Later, there would be every day reading, writing, a trampoline, bicycles, swim, baseball, gymnastics. Doctors, school, music, speech and occupational therapy; diagnoses. There would be activity, growth, progress.

But first? Twice a month? There was Sensory Saturday.

Friday, May 11, 2018

Sophie's Runners

Wonder Boy glistened with sweat. He pointed at runners wearing bright, yellow Sophie’s Run tee shirts like his as they passed him in ones, twos and bigger groups. He howled in frustration, hit his head and threw himself, bum-first, to the pavement.

With my right arm in a cast I was not able to participate in Sophie’s Run, the annual 3.4 mile charity event that provides AAC devices to individuals with communication needs - including Wonder Boy. Aunt Katie ran in my place. Super Daddy and Amaze Girl competed together. Wonder Boy, Aunt Kimmie and I were to be cheerers.

We’d watched the sea of runners in yellow shirts gather along the tree-lined road. A whistle blew and the crowd surged forward. Wonder Boy clapped. “Hooray!”

As the last runner passed us, Wonder Boy eyed the receding blur. He pointed.

“Do you want to run?”

“Yes, I do!”

What could it hurt? I thought. We’d go a bit, then circle back to Aunt Kimmie, food and games. Then we’d head to the finish line to cheer for Super Daddy, Amaze Girl and Aunt Katie.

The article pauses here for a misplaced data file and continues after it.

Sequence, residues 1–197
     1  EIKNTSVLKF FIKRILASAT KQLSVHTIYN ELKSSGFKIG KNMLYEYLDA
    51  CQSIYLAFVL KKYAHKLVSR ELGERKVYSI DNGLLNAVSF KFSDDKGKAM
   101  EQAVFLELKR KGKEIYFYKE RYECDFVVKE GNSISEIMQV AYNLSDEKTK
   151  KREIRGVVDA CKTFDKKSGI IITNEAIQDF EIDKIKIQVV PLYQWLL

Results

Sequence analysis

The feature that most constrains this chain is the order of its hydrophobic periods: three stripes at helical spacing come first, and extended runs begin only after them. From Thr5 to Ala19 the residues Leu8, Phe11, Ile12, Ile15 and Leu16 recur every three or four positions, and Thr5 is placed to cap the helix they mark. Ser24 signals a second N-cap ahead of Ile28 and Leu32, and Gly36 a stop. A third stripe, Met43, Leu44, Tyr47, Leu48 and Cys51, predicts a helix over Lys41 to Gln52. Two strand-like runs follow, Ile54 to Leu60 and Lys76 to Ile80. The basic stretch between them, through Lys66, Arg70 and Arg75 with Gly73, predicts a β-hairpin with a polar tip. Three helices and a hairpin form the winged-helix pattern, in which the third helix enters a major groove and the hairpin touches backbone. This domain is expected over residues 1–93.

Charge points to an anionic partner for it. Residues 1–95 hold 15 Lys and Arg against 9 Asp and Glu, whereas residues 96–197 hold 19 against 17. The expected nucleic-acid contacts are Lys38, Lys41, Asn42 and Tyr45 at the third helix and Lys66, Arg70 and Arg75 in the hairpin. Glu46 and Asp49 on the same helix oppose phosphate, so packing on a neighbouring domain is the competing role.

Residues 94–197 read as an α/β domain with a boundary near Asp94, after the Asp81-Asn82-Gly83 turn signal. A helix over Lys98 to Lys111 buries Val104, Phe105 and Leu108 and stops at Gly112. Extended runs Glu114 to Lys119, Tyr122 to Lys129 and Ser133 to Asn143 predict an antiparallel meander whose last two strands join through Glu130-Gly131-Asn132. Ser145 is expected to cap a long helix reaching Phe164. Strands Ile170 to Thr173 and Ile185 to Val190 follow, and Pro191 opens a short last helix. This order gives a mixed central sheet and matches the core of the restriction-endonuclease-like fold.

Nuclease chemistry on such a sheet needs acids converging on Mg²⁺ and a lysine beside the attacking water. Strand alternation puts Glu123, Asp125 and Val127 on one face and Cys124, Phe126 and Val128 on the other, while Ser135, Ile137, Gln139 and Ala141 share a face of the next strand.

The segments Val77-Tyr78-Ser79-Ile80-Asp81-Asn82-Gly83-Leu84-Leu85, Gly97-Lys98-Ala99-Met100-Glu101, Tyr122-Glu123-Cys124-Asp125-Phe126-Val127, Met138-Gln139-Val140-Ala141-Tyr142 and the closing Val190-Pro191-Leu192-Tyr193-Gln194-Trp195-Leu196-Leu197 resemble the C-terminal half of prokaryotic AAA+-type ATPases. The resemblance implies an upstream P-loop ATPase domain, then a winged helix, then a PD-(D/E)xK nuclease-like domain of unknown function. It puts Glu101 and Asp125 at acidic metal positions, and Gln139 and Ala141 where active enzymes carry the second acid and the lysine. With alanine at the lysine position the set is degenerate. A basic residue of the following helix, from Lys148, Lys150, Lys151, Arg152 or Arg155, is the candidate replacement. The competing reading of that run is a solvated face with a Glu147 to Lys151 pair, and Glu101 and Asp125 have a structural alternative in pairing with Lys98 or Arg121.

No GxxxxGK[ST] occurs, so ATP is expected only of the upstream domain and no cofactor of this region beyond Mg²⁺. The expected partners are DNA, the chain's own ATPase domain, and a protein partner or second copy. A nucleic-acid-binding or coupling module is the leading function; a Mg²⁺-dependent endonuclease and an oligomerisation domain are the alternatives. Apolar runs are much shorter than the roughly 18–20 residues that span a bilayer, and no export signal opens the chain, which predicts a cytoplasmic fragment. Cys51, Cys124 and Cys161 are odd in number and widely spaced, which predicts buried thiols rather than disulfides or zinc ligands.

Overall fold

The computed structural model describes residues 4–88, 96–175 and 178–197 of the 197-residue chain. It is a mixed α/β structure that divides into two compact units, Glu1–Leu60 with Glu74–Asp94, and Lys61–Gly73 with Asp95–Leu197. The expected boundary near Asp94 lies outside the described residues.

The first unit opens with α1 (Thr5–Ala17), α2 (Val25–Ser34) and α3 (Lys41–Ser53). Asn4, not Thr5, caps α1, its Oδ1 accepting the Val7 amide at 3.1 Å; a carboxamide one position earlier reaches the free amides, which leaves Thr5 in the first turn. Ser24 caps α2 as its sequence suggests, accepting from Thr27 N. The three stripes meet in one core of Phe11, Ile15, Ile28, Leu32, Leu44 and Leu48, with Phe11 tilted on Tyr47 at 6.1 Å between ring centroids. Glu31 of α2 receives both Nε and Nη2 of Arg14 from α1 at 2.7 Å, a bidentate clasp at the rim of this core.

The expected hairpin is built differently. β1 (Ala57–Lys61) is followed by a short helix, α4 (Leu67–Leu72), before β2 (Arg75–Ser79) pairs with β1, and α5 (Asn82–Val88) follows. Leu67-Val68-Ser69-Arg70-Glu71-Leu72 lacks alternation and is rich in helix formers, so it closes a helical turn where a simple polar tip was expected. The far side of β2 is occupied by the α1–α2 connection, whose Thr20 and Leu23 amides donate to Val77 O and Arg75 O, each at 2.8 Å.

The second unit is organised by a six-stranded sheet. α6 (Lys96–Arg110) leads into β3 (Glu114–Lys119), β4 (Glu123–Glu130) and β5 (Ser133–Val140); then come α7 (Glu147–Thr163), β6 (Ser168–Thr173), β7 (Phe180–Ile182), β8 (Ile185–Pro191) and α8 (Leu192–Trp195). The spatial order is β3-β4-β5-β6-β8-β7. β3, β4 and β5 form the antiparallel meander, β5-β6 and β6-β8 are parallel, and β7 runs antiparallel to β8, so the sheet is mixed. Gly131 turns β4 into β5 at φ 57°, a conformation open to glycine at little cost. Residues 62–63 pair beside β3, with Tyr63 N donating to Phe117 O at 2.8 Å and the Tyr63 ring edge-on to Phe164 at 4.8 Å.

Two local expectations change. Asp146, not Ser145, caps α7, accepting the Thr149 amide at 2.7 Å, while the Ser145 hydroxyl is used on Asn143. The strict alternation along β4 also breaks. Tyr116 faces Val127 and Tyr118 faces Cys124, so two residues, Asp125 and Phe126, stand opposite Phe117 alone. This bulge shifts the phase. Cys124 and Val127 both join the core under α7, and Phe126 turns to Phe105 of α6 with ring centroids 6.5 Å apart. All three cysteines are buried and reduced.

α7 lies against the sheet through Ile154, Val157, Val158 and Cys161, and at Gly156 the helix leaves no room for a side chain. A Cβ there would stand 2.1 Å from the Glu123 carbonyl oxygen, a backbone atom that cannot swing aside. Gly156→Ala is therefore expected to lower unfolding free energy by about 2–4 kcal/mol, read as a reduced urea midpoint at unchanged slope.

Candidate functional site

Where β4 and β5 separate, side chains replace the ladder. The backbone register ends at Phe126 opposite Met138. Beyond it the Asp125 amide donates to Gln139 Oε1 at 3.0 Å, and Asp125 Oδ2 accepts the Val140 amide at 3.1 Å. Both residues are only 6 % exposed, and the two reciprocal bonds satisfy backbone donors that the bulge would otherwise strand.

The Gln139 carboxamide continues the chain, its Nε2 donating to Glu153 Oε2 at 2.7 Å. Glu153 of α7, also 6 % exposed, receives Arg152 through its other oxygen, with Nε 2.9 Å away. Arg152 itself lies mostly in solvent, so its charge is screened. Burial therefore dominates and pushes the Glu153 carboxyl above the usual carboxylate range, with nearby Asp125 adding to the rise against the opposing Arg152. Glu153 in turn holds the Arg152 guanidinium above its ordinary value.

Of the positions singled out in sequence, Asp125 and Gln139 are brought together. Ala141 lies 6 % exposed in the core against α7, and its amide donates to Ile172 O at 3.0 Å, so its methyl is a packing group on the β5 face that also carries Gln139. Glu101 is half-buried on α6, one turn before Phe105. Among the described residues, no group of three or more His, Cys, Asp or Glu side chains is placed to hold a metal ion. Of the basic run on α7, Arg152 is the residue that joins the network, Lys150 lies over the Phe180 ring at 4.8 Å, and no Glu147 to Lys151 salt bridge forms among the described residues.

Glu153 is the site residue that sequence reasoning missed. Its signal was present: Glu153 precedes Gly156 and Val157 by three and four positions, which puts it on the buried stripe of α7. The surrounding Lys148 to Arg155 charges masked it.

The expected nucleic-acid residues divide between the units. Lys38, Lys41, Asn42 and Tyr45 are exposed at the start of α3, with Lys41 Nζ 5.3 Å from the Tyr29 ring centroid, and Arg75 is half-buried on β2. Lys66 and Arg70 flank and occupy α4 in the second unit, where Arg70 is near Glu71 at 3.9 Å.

At a nod, Wonder Boy ran. Arms swinging, knees pumping, head high, he cheerfully lapped one runner after another. We did not see a circle-back-to-the-start point.

Half-way through the course, as it sometimes happens in autism (and life), our race suddenly, inexplicably ended.

Wonder Boy stopped. He walked backwards. He screamed. He flailed. His scalp glittered. A homeowner called from a nearby yard. “Do you need water?”

There are times it’s not practical to carry a communication device: bathtime, for example. While using the restroom, the machine stays in the hall. Wonder Boy does not jump on the trampoline with his talker draped across his chest. And he doesn’t generally have it on him when he’s involved in active play. Like running.

Very unfortunately, Wonder Boy’s talker had been left at the race start.

We were halfway through the course and alone. The last runners and end-of-line vehicles were gone. I had a broken arm, Wonder Boy was nearing melt down and I was in tears. What were we to do?

There was a rhythmic whirring, like the benevolent thrumming of angel’s wings. Heaven reflected light on a golf cart hovering nearby. The dark-haired stranger at the wheel was shrouded in a golden halo. “I’m Robert,” he said, in a smooth voice. He pointed to his purple Sophie’s Run tee shirt. “I’m a race volunteer. Can I help?”

Wonder Boy slid into the cart beside Robert. I cozied next to Wonder Boy, who was enraptured by Robert and his machine.

Robert gently calmed a grandmother’s tears and eased a little boy’s confusion. He took us to a water station and drove us to the final leg of the race, where Aunt Katie was waiting.

“Do you want to run?” she asked Wonder Boy.

“Yes, I do!” he replied.

Wonder Boy and Aunt Katie raced over the final bridge and crossed the finish line together.

Wonder Boy clapped. Hooray!